Two cats sick from rat poisoning
FRISCO – Candice Warren wonders what has happened to the fox she used to watch from her yard as it preyed on voles and chipmunks. And the Frisco woman wonders if its fate is similar to that of her sick cat, Pursey.
Pursey, a Persian cat, isn’t allowed outside except when Warren’s husband lets him out in the afternoon – and then, only if he can keep an eye on the cat.
Persian cats, Warren noted, are prone to colitis, which typically results in slightly bloody stools. But what she saw a few weeks ago was far from usual. She took her cat to veterinarian Denisa Court at Frisco Animal Hospital, who diagnosed the 3-year-old with rat poisoning.
Warren believes her cat got hold of a mouse, vole or chipmunk for which someone had laid out poison.
“They think the chipmunks are doing something to their homes, or eating their flowers,” Warren said. “But we live in the woods. We have chipmunks.”
Rodent poison thins blood and can cause internal bleeding. Usually, the affected animal will appear listless, bleed from the nose or have bloody, mucous stools. Untreated, the animal can die of internal bleeding as blood leaks out of veins and arteries and into body cavities.
Cats and dogs that eat a dead animal with poison in its system also can fall ill. Cats, Court said, are more likely to find dead, poisoned rodents, while dogs more often find things like antifreeze and lawn fertilizers. It takes five to seven days for an animal to exhibit symptoms of rat poisoning, said Court, who treats rat poisoning patients with vitamin K.
“I swear, I thought I was going to lose him,” Warren said. “But once I gave him another dose, he was right back to normal.”
He’s not completely recovered, however.
“But he’s not this mopey thing I thought was going to die on my bed,” Warren said, adding that Pursey could have to undergo a month’s worth of vitamin K treatment to recover fully. Vitamin K helps coagulate the blood.
Jennifer DeMatoff’s cat, Pipsy, also was poisoned last week. The Silverthorne woman said a roommate had forgotten to remove a box of rat poison from behind a desk, and Tipsy found it and ate some when DeMatoff was moving from the house.
It doesn’t take much pesticide to make an animal desperately ill, Court said. And while a cat might eat only one pellet of poisoning, a dog might opt to eat the whole container.
Warren is more concerned about how to keep her cat away from dead animals.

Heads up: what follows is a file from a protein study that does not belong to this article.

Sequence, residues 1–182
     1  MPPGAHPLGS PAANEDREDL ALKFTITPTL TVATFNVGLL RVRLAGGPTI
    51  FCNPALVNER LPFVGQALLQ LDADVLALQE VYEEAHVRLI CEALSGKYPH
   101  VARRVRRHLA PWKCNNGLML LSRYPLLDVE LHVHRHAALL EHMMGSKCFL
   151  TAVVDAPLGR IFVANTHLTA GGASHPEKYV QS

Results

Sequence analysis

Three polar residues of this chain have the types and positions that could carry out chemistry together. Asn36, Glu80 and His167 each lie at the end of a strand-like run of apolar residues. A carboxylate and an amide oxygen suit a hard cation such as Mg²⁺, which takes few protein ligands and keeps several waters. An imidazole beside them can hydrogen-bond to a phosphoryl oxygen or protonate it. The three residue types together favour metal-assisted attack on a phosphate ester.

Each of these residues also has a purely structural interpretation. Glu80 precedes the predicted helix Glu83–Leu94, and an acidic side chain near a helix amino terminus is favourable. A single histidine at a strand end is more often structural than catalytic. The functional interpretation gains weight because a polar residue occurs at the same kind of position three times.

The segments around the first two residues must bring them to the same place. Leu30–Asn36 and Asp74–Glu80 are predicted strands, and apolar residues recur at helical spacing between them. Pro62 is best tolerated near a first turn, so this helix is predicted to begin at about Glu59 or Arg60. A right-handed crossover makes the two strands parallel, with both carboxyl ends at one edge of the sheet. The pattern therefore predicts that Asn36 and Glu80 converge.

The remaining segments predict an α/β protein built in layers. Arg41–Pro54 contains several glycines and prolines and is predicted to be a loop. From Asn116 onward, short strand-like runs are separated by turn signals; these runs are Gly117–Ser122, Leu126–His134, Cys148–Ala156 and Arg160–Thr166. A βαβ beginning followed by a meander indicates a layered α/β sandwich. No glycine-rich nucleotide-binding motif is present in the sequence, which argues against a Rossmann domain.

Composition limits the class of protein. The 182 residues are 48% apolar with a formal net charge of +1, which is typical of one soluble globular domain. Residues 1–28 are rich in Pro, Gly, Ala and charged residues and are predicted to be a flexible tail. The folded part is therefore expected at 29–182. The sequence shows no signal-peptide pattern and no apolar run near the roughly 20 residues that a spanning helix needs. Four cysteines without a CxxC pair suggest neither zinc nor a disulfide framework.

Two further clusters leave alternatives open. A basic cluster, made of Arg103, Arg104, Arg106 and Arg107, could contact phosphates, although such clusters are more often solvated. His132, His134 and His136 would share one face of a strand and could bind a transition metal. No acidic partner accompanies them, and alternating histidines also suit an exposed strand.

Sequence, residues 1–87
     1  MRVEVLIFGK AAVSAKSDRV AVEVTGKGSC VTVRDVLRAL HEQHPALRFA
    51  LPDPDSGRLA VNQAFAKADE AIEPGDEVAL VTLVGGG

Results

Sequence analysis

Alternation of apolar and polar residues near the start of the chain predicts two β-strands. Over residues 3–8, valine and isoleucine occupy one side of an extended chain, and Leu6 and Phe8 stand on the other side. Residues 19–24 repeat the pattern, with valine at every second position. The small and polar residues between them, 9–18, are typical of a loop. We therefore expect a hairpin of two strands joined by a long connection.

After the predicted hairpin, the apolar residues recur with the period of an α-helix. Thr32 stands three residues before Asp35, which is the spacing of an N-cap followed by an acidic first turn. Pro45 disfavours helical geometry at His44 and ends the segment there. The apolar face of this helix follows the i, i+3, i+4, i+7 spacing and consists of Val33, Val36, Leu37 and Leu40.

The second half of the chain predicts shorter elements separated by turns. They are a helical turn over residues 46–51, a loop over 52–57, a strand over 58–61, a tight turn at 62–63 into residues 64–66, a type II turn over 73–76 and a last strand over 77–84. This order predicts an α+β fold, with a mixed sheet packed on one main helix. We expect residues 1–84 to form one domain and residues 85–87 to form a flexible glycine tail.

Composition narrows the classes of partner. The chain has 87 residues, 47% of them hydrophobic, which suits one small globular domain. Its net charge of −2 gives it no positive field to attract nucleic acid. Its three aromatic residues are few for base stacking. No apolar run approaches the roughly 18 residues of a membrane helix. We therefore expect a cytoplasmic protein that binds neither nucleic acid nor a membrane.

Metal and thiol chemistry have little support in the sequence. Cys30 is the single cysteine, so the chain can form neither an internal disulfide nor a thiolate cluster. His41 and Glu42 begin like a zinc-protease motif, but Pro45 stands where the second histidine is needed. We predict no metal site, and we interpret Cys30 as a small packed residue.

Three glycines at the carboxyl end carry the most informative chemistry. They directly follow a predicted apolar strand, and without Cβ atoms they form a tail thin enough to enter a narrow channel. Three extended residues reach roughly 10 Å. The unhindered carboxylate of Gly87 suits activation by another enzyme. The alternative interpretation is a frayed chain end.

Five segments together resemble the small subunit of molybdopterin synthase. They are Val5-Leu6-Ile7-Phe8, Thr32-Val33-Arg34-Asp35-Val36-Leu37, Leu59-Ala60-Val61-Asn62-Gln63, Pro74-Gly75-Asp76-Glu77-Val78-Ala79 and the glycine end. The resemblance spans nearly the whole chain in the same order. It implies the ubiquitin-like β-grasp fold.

Urban legends abound in regards to methods to deter animals – from mice to deer – from flower and vegetable gardens. Scattering used cat litter or human or dog hair around the perimeter of gardens sometimes works as well. Other people swear by a sprinkling of paprika or crushed mothballs.
But there are few plants that deter animals – especially voles, said Joyce Derby of Mountain Pest Control in Vail.
“There isn’t a plant those critters won’t eat,” she said. “They love it when people come in for the season and plant all these nice flowers and plants.”
Solutions are difficult to come by in Summit County, where there is a plethora of animals, said Sherie Sobke, owner of Alpine Gardens in Silverthorne. Her customers, however, have had good results by playing a radio at low volume all night.
“They think someone’s there,” Sobke said. “People come in and say, “It’s the weirdest thing, but I think it’s working.'”
Jane Stebbins can be reached at (970) 668-3998 ext. 228 or email@example.com.
Support Local Journalism
Support Local Journalism
As a Summit Daily News reader, you make our work possible.
Now more than ever, your financial support is critical to help us keep our communities informed about the evolving coronavirus pandemic and the impact it is having on our residents and businesses. Every contribution, no matter the size, will make a difference.
Your donation will be used exclusively to support quality, local journalism.
Start a dialogue, stay on topic and be civil.
If you don't follow the rules, your comment may be deleted.
User Legend: Moderator Trusted User